Misuse of private information: Stoute v News Group Newspapers gives a refresh on the law around photographs taken in public places

Laura Gray looks at key aspects of the judgment and its consideration of a return date and expectations of privacy.


Factual Background

At a return date hearing on 17 January 2023, the High Court refused to grant an injunction restraining the further publication of photographs of married couple, Richard and Sarah Stoute (the “Claimants”). The photograph of the Claimants was published on 1 January 2022 in The Sun and on its associated website. The Claimants ran a company, Full Support Health Care Limited (“FSHL”), which supplied PPE to the NHS and private hospitals. FSHL secured government contracts worth £2 billion to provide PPE during the Covid-19 pandemic. The photographs were taken by paparazzi near the Claimants’ second home in Barbados and depicted the Claimants arriving at a public beach via jet ski and then walking to a restaurant.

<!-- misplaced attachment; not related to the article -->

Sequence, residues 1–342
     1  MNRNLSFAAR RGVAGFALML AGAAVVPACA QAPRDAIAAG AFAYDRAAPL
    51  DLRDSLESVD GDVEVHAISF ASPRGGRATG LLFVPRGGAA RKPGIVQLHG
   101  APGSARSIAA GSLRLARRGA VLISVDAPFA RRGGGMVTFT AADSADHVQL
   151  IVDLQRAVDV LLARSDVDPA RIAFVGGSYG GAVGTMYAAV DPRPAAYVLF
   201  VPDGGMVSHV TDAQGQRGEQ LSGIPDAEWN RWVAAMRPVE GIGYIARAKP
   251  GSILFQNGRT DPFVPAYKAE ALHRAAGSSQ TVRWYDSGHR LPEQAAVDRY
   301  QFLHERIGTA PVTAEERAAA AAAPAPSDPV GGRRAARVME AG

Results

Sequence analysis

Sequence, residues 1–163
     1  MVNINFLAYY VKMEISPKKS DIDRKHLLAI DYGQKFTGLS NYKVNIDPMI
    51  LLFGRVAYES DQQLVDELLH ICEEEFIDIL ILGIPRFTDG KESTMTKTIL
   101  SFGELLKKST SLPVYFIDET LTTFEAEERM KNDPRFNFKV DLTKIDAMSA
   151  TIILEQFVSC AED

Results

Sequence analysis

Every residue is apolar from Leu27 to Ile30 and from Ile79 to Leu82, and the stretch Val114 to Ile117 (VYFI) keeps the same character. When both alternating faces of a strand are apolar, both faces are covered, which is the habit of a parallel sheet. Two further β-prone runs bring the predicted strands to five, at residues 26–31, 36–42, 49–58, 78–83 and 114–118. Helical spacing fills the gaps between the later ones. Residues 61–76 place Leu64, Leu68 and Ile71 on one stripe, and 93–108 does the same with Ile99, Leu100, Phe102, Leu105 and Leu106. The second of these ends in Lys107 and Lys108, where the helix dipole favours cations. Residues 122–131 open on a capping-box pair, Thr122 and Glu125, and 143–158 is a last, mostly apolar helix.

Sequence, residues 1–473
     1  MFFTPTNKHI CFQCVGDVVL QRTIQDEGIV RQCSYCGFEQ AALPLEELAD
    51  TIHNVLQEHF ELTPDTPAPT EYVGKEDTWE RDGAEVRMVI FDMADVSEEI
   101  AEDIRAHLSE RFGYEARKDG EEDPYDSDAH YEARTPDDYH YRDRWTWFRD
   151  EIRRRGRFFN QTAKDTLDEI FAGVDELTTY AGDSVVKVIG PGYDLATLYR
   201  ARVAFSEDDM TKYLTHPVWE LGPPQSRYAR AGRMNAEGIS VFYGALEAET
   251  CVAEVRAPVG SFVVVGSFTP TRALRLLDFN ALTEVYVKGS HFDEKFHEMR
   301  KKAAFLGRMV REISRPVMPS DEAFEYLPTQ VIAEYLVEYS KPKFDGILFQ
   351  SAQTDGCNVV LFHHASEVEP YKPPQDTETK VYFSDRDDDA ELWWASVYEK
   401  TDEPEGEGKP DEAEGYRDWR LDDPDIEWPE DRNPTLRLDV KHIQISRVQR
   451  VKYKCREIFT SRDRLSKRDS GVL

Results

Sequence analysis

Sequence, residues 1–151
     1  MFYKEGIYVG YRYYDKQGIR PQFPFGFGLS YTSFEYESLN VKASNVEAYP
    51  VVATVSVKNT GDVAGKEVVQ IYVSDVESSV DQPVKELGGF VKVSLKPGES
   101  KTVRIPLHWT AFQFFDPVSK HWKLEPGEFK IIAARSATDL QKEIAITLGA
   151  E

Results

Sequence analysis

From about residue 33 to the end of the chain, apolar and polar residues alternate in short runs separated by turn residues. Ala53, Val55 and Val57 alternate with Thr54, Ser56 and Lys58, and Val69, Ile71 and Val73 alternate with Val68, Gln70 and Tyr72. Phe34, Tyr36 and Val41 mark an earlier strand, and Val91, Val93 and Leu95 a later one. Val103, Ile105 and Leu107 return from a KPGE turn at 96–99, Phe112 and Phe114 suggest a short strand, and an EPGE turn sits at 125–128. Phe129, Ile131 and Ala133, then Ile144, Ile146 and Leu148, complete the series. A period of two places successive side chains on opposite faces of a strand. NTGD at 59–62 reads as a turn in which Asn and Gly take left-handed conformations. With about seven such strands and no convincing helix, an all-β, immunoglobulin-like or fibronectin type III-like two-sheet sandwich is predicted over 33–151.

At an initial interim application, the Court had ordered the restraint of publication of photographs of the Claimants’ house and boat, but had refused to grant an injunction over publication of photographs purely of the couple.

The three issues considered by the Court were:

  1. Whether the application should be entertained in light of a prior application and decision on 31 December 2022? In other words, were the Claimants able to use the ‘return date’ (as discussed further below) as an opportunity to request a reconsideration of their initial application to the Court?
  2. Whether the photographs amounted to the Claimants’ private information, meaning information that the Claimants reasonably expected to be private?
  • Under American Cyanamid[1], did the balance of convenience fall in favour of injunctive relief?

Misuse of Private Information

Misuse of private information is a tort derived from Article 8 of the European Convention on Human Rights (“ECHR”). A successful claim must demonstrate: